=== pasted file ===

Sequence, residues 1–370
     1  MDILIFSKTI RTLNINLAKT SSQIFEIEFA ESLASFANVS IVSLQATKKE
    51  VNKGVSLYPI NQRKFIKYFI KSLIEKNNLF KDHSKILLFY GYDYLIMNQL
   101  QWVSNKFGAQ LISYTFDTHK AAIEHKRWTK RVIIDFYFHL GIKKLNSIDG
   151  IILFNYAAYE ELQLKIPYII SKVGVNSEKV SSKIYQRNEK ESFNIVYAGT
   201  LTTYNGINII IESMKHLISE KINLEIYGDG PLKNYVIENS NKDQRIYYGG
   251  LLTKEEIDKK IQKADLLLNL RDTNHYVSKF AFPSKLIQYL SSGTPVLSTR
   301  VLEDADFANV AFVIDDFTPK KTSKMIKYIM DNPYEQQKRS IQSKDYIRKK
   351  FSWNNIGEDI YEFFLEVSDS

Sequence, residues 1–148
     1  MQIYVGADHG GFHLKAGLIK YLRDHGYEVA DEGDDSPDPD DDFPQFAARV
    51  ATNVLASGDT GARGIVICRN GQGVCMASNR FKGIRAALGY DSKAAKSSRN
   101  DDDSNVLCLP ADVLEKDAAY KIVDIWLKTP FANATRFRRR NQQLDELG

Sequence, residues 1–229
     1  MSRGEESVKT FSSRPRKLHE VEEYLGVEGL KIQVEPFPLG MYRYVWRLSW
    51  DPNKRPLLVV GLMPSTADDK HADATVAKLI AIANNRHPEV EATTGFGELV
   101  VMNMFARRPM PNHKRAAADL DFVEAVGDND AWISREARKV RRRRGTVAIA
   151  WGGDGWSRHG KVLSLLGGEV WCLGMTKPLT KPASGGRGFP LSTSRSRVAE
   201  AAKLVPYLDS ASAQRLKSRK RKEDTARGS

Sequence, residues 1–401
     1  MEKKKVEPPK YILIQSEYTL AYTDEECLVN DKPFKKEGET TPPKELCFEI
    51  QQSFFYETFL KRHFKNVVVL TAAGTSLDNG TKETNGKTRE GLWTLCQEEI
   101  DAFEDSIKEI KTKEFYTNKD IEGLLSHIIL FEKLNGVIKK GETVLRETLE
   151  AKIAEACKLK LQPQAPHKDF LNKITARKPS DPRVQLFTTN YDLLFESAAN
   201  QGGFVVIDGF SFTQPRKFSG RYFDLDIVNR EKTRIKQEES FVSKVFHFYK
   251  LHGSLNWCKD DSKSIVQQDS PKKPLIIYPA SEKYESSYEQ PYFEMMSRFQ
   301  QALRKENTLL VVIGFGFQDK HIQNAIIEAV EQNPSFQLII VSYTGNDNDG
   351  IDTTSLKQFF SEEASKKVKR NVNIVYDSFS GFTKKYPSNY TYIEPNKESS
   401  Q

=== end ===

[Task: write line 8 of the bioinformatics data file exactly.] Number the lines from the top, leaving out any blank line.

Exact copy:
   301  VLEDADFANV AFVIDDFTPK KTSKMIKYIM DNPYEQQKRS IQSKDYIRKK